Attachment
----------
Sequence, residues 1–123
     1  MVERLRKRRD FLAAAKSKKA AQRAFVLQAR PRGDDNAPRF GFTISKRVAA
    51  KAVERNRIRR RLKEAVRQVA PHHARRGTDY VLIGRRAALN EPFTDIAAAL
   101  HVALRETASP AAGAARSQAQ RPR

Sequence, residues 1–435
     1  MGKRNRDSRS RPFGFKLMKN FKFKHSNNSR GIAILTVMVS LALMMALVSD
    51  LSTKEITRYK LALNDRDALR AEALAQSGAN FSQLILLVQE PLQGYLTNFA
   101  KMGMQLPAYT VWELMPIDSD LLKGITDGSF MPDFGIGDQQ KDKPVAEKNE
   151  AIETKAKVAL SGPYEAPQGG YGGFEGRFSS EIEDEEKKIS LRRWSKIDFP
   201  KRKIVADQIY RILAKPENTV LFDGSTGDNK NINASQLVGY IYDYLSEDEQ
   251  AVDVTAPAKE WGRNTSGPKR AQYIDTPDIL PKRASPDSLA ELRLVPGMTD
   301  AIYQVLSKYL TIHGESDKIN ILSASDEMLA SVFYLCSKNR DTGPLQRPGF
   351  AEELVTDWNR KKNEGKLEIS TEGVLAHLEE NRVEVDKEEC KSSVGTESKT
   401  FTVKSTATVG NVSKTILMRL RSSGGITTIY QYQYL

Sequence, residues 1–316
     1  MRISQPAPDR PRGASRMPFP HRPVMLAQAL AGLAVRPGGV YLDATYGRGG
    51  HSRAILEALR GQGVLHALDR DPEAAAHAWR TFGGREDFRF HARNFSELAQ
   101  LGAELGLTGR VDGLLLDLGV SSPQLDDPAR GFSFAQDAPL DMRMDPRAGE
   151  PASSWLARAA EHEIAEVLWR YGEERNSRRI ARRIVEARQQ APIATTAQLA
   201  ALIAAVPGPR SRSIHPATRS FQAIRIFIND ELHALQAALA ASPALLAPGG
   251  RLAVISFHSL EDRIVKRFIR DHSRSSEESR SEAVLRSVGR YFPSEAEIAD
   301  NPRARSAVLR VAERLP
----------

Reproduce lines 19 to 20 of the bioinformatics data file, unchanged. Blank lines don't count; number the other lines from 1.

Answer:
   151  PASSWLARAA EHEIAEVLWR YGEERNSRRI ARRIVEARQQ APIATTAQLA
   201  ALIAAVPGPR SRSIHPATRS FQAIRIFIND ELHALQAALA ASPALLAPGG